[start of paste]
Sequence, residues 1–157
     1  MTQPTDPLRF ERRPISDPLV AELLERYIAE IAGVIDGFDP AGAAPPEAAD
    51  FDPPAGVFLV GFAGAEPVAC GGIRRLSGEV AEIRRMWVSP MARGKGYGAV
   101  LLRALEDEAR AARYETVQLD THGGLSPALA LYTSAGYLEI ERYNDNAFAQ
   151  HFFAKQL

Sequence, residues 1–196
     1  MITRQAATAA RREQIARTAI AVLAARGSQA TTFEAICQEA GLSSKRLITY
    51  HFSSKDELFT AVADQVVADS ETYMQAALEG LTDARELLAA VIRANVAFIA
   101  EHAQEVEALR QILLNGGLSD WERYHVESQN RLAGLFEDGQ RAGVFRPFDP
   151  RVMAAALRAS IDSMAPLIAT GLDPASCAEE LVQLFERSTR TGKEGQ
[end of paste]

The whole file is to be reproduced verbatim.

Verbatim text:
Sequence, residues 1–157
     1  MTQPTDPLRF ERRPISDPLV AELLERYIAE IAGVIDGFDP AGAAPPEAAD
    51  FDPPAGVFLV GFAGAEPVAC GGIRRLSGEV AEIRRMWVSP MARGKGYGAV
   101  LLRALEDEAR AARYETVQLD THGGLSPALA LYTSAGYLEI ERYNDNAFAQ
   151  HFFAKQL

Sequence, residues 1–196
     1  MITRQAATAA RREQIARTAI AVLAARGSQA TTFEAICQEA GLSSKRLITY
    51  HFSSKDELFT AVADQVVADS ETYMQAALEG LTDARELLAA VIRANVAFIA
   101  EHAQEVEALR QILLNGGLSD WERYHVESQN RLAGLFEDGQ RAGVFRPFDP
   151  RVMAAALRAS IDSMAPLIAT GLDPASCAEE LVQLFERSTR TGKEGQ